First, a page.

DISCUSSION
I. Is there a Final Judgment?

At oral argument, Clark asserted that the court's grant of summary judgment applied to only count 10 of his amended complaint, which alleged "Breach of Contract—Termination Without Cause/Contract." To the contrary, we conclude that the court's judgment pertained to all of Clark's claims.

Clark's amended complaint included ten counts. In count 1, Clark argued that the Mayor's removal of him was illegal because it violated section 16-5(e) of the Code of Public Local Laws of Baltimore City (2005) ("PLL"), and sought declaratory and injunctive relief. In counts 2, 3, 4, and 5, Clark sought a declaratory judgment, injunctive relief, a writ of quo warranto, and a writ of mandamus based on the Mayor's alleged violation of PLL § 16-5(e). Clark also based his count 5 request for a writ of mandamus on the argument that his termination violated his due process rights under Article 24 of the Maryland Declaration of Rights. In count 6, Clark sought a writ of certiorari based on the Mayor's alleged violations of PLL § 16-5(e) and Article 24. In count 7, Clark asked for declaratory and injunctive relief based on the alleged violation of his rights under Article 24. In counts 8 and 9, Clark averred that the Mayor breached the terms of the MOU by terminating him without cause. In count 10, Clark asserted that his termination without cause violated the terms of the MOU because he was not given proper notice.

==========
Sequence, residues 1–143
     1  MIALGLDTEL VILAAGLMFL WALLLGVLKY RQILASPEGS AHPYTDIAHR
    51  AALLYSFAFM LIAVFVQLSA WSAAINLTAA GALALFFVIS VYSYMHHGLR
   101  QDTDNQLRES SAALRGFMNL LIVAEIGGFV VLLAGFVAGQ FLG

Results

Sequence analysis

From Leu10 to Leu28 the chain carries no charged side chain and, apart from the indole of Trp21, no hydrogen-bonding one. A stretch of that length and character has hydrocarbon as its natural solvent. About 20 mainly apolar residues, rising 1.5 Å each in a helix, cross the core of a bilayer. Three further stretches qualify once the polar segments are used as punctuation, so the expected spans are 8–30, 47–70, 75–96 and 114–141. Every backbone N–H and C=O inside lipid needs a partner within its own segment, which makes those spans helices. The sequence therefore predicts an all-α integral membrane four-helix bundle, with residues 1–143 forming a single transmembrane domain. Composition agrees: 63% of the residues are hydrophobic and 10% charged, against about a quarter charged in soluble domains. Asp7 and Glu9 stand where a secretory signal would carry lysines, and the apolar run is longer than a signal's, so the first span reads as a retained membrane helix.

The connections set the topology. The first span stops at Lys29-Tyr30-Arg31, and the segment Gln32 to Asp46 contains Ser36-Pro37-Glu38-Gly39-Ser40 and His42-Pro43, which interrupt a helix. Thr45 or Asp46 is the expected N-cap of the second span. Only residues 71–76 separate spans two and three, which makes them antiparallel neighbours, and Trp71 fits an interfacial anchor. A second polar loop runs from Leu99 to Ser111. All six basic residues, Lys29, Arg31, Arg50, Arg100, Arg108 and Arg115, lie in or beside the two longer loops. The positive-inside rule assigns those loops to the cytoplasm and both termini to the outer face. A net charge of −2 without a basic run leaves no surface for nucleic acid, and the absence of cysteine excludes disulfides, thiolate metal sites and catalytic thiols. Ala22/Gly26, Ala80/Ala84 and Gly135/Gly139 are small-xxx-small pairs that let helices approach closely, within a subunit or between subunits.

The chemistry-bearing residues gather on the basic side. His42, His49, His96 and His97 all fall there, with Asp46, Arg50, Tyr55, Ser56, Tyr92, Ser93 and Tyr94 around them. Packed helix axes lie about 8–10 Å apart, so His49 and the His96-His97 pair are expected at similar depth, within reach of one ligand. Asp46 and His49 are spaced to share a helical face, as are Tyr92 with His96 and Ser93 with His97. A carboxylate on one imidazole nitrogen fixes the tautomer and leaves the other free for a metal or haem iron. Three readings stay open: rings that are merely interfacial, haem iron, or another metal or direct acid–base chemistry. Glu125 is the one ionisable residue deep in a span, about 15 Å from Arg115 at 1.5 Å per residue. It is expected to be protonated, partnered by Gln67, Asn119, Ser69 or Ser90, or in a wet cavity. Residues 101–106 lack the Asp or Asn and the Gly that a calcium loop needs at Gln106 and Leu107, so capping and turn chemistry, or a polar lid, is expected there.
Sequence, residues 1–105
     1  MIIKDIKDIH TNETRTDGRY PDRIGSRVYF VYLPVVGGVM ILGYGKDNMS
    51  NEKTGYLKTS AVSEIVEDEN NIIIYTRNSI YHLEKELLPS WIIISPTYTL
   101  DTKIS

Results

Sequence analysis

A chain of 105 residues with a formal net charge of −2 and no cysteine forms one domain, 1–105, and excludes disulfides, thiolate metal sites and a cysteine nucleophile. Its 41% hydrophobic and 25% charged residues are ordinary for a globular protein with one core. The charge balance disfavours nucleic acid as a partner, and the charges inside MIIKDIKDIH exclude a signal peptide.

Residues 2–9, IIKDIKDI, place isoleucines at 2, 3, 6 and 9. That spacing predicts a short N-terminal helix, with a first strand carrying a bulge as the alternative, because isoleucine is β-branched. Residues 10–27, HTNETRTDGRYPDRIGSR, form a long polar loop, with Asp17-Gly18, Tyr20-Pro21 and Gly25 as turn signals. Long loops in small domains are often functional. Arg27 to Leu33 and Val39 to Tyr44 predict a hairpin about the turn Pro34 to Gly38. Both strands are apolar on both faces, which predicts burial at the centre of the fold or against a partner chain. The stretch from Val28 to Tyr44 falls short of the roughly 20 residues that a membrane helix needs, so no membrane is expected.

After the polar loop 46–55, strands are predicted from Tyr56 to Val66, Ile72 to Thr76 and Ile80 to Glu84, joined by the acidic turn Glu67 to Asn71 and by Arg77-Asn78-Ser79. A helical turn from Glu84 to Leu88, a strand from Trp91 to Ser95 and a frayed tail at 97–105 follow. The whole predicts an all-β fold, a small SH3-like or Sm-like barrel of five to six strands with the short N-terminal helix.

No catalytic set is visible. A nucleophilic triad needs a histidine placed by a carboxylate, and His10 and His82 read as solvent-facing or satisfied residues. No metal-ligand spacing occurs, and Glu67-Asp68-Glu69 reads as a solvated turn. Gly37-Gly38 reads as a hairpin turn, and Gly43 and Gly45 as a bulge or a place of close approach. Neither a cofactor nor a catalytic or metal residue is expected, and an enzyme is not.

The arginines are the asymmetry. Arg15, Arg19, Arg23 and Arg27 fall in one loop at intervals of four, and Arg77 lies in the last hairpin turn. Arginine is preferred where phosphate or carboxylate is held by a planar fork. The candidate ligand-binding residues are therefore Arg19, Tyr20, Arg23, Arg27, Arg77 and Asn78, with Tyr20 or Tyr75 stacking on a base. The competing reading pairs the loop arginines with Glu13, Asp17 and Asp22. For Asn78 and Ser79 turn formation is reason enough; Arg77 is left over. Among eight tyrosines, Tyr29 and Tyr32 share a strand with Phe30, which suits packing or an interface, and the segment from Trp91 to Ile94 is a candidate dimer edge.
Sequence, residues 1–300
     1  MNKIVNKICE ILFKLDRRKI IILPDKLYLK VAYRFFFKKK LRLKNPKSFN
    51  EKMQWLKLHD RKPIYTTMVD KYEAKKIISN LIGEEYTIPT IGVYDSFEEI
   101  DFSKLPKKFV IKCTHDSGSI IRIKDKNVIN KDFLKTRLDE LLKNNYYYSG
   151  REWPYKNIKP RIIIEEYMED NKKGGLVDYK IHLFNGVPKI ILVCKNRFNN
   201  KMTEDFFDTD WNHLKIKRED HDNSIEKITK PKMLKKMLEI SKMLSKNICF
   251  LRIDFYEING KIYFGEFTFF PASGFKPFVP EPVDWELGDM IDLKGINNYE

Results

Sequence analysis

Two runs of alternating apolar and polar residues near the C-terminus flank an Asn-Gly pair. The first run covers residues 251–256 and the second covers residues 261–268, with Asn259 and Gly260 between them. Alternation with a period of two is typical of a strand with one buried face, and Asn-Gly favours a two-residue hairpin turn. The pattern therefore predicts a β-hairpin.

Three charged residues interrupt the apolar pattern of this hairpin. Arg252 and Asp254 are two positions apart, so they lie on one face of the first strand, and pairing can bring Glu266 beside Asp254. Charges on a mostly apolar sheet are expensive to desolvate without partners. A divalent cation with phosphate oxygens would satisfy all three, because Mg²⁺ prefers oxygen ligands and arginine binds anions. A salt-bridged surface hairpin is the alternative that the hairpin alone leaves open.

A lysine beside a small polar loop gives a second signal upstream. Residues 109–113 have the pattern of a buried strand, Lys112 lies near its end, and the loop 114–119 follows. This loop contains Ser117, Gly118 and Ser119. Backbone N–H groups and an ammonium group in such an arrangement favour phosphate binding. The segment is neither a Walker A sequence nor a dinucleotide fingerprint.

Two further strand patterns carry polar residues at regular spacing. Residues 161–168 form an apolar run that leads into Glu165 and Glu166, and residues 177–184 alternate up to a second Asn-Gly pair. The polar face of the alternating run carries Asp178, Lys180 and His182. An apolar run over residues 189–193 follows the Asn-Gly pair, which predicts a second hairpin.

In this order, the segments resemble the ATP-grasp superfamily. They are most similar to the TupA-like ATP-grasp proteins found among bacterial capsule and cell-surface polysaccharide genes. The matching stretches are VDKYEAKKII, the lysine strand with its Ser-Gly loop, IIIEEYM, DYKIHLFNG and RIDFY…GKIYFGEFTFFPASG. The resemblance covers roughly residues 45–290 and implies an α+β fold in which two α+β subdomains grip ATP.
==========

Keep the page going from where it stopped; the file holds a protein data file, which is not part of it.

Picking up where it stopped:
After the hearing on April 4, 2005, the court announced its judgment at follows:

Counsel, the court has had an opportunity to review the papers. The court's had an opportunity to review the contract, the notice that was provided on November...

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10 practice notes
  • Clark v. O'Malley, Nos. 93
    • United States
    • Maryland Court of Appeals
    • August 23, 2013
    ...appeal to the Court of Special Appeals. “The intermediate appellate court reversed the judgment of the Circuit Court. Clark v. O'Malley, 169 Md.App. 408, 901 A.2d 279 (2006) [Clark I ]. Concluding that the trial court erred in holding, as a matter of law, that the MOU was valid and enforcea......
  • Clark v. O'Malley, No. 768, September Term, 2008.
    • United States
    • Court of Special Appeals of Maryland
    • June 10, 2009
    ...Clark, without cause, pursuant to a Memorandum of Understanding ("MOU") signed by the parties. Mr. Clark appealed. In Clark v. O'Malley, 169 Md.App. 408, 439, 901 A.2d 279 (2006) ("Clark I"), this Court reversed the circuit court's order, holding that the Mayor could remove the Police Commi......
  • Clark v. O'Malley, No. 93
    • United States
    • Court of Special Appeals of Maryland
    • August 23, 2013